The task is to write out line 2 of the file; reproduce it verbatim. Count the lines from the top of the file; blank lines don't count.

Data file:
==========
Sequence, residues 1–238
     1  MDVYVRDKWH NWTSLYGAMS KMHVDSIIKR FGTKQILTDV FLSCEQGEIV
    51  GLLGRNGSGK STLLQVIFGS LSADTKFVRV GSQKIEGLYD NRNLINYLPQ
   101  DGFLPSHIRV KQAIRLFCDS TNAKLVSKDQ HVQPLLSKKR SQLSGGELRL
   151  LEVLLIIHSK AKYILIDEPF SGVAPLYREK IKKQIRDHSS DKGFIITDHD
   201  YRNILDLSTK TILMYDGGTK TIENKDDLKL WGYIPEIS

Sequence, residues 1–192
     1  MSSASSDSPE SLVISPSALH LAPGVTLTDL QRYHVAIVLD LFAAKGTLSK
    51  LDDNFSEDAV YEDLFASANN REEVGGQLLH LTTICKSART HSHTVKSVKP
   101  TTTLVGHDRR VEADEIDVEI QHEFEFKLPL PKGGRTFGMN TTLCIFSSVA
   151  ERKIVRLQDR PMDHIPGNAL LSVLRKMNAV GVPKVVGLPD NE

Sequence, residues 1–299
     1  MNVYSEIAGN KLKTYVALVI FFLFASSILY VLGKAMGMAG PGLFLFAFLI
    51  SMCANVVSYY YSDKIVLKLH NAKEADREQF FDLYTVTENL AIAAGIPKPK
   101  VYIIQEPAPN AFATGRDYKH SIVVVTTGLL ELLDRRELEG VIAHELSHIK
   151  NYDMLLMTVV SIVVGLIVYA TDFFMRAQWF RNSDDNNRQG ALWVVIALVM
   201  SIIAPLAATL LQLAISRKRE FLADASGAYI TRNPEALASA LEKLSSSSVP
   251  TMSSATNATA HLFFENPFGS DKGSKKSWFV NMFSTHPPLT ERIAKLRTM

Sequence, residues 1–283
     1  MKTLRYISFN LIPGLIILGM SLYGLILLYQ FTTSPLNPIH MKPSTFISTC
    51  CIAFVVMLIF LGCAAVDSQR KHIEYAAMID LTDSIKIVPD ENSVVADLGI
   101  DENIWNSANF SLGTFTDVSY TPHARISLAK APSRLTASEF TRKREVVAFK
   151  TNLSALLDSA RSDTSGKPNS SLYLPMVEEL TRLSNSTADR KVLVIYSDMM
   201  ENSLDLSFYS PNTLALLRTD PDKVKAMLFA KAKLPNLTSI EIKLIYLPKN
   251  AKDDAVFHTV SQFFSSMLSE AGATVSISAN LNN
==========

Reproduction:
     1  MDVYVRDKWH NWTSLYGAMS KMHVDSIIKR FGTKQILTDV FLSCEQGEIV